Daisy - (Lawn/common daisy & Oxeye daisy)

Bellis perennis & Chrysanthemum Leucanthemum vulgare

Daisy Family (Asteraceae)

Energetics: cooling, drying, astringent (tightening)
Taste: bitter, sour
When to harvest: All parts of the plant have medicinal properties, with leaves and roots being used traditionally, and flowers being used more recently. Harvest above ground parts during growing season. Roots can be harvested in spring or fall, or as a whole plant harvest during the growing season.
Identification: Both daisies grow in sunny areas and have flowers that close at night and serrated leaf edges; lawn daisy grows in grassy areas, and oxeye daisy is more of a meadow plant. Both types of daisies have white petals surrounding a yellow center. Bellis perennis, or lawn daisy, is the smaller of the two - its flower is up to 2 cm wide and sometimes has a pink tinge, and the plant can grow up to 20 cm tall if not mowed. Bellis leaves have roundish, spoon-shaped tips and grow in a rosette from a central point. Chrysanthemum Leucanthemum vulgare, or oxeye daisy, can grow up to 60cm tall and its flower can be up to 7cm wide. Its largest leaves are at the base where they are lobed, and then leaves alternate up the stem and are narrower and serrated.

Daisies have long been used to treat wounds and sprains and the plant has also been referred to as bruisewort or woundwort; traditionally, the leaves and roots were used for this and for many other ailments. The young leaf of daisy is rich in vitamin C, containing 34mg of the vitamin per 100g herb, and was one of the wild plants used for nutrition during the siege of Sarajevo 1992 - 1995 (Redzic, 2010).

Bruises, sprains, joint pain

Daisy is known for its inflammation-modulating power that helps to relieve bruises and sprains, and some also consider it useful for joint pain. Traditionally the leaves and root were used for this, but more recently flowers have been used (Howard, 2021). Homeopathically, daisy is used for injury and trauma, similarly to arnica (McIntyre, 2012).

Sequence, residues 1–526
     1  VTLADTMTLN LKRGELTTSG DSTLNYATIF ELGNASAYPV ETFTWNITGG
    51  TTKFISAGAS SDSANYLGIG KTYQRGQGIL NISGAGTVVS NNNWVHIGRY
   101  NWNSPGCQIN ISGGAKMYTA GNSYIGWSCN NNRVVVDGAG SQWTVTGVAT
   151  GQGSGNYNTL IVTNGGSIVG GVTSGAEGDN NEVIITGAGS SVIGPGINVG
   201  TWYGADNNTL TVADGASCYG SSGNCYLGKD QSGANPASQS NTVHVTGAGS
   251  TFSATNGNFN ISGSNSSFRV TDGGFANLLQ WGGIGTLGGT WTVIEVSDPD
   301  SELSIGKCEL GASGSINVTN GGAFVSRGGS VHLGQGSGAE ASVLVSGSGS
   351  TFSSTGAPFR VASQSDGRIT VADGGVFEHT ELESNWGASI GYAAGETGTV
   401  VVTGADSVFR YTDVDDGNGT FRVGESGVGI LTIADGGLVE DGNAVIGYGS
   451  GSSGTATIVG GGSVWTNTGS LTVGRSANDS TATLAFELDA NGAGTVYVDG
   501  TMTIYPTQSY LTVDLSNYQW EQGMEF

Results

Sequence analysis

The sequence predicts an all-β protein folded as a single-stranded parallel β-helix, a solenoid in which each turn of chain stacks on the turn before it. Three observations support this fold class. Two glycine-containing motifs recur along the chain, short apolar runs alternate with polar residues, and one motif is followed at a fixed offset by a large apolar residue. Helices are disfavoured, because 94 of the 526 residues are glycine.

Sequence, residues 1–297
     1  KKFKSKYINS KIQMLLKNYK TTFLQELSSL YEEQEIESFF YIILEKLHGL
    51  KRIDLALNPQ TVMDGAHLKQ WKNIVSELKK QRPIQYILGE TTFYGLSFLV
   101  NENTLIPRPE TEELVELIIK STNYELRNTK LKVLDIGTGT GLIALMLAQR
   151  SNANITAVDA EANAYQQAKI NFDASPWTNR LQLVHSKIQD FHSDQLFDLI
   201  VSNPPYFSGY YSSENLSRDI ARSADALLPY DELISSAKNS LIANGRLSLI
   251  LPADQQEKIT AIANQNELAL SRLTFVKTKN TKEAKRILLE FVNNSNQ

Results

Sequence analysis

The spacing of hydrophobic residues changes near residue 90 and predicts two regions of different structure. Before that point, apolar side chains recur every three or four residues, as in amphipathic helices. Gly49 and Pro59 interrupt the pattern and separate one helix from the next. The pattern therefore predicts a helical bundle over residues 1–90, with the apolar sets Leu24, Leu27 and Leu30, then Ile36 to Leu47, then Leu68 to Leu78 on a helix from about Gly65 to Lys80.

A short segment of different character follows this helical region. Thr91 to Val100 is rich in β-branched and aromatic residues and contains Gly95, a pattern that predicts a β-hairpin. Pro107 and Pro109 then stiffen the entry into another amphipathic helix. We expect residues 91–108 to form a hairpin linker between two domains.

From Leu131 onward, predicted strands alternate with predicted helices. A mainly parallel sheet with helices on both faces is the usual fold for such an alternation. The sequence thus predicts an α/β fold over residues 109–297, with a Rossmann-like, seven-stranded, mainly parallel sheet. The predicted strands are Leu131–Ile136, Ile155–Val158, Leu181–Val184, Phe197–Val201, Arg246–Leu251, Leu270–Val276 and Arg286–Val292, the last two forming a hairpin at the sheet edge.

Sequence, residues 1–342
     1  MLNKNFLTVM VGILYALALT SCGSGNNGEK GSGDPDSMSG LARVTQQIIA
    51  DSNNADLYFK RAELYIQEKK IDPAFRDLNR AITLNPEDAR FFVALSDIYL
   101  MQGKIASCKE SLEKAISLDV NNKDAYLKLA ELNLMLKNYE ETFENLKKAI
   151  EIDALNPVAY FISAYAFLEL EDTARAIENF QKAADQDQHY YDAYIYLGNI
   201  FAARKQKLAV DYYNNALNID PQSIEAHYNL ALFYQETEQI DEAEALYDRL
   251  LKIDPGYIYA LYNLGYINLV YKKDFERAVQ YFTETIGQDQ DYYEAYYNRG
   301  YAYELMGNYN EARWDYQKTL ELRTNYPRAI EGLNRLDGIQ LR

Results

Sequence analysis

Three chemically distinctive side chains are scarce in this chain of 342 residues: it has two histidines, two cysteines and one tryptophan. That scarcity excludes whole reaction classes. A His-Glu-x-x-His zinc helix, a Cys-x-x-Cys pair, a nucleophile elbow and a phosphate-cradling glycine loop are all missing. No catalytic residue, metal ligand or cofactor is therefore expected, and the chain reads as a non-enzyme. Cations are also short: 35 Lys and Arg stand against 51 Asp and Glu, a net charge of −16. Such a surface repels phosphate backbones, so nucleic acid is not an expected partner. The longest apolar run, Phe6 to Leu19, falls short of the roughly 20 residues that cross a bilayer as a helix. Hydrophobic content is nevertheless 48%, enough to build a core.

Daisy flowers have been shown to facilitate healing of wounds and decreasing scar tissue in animal models and have been traditionally used for this (Karakas et al., 2012). It can also help with other inflammatory skin conditions, such as acne. The root can be decocted (cooked in water) and can be used internally as a detoxifier to help with eczema (McIntyre, 2012).

Digestive system

One of the traditional uses of the leaves and roots of daisy was to ease stomach or intestinal distress, to stimulate appetite and digestion, and its leaves were used as a ‘pot herb’ and added to cooking in soups and stews (Howard, 2021).

Respiratory system

Daisy has been used to support a healthy fever; expectorate or release phlegm; and alleviate sore throat (McIntyre, 2012, Howard, 2021).

Oral health

Daisy leaves can be chewed to relieve ulcers in the mouth (McIntyre, 2012).

Postpartum health

After childbirth, daisy can be applied externally to alleviate congested breasts or help heal perineal tears or wounds (McIntyre, 2012).

Oxeye daisy

Plant preparations


  • Infusion
  • Decoction of root
  • Vinegar
  • Tincture
  • Edible


  • Balm
  • Poultice
  • Compress


Internal medicinal doses should be avoided in pregnancy as effects are unknown. Individuals allergic to Daisy family plants may react to daisies.

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